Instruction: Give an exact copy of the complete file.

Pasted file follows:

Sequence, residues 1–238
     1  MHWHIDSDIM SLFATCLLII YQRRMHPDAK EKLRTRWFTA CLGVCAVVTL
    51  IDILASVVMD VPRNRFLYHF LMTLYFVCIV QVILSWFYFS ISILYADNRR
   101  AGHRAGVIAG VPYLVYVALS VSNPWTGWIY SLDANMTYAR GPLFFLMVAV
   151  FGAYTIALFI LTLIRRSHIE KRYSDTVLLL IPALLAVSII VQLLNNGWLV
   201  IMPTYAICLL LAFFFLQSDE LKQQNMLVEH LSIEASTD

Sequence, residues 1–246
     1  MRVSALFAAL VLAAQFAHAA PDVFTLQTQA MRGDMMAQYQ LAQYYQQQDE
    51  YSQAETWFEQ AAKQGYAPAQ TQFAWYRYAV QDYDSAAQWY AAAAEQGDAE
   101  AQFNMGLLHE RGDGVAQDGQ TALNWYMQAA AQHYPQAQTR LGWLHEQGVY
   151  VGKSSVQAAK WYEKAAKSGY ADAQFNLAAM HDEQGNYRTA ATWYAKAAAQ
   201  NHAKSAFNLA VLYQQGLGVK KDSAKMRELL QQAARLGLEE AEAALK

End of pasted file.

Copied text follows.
Sequence, residues 1–238
     1  MHWHIDSDIM SLFATCLLII YQRRMHPDAK EKLRTRWFTA CLGVCAVVTL
    51  IDILASVVMD VPRNRFLYHF LMTLYFVCIV QVILSWFYFS ISILYADNRR
   101  AGHRAGVIAG VPYLVYVALS VSNPWTGWIY SLDANMTYAR GPLFFLMVAV
   151  FGAYTIALFI LTLIRRSHIE KRYSDTVLLL IPALLAVSII VQLLNNGWLV
   201  IMPTYAICLL LAFFFLQSDE LKQQNMLVEH LSIEASTD

Sequence, residues 1–246
     1  MRVSALFAAL VLAAQFAHAA PDVFTLQTQA MRGDMMAQYQ LAQYYQQQDE
    51  YSQAETWFEQ AAKQGYAPAQ TQFAWYRYAV QDYDSAAQWY AAAAEQGDAE
   101  AQFNMGLLHE RGDGVAQDGQ TALNWYMQAA AQHYPQAQTR LGWLHEQGVY
   151  VGKSSVQAAK WYEKAAKSGY ADAQFNLAAM HDEQGNYRTA ATWYAKAAAQ
   201  NHAKSAFNLA VLYQQGLGVK KDSAKMRELL QQAARLGLEE AEAALK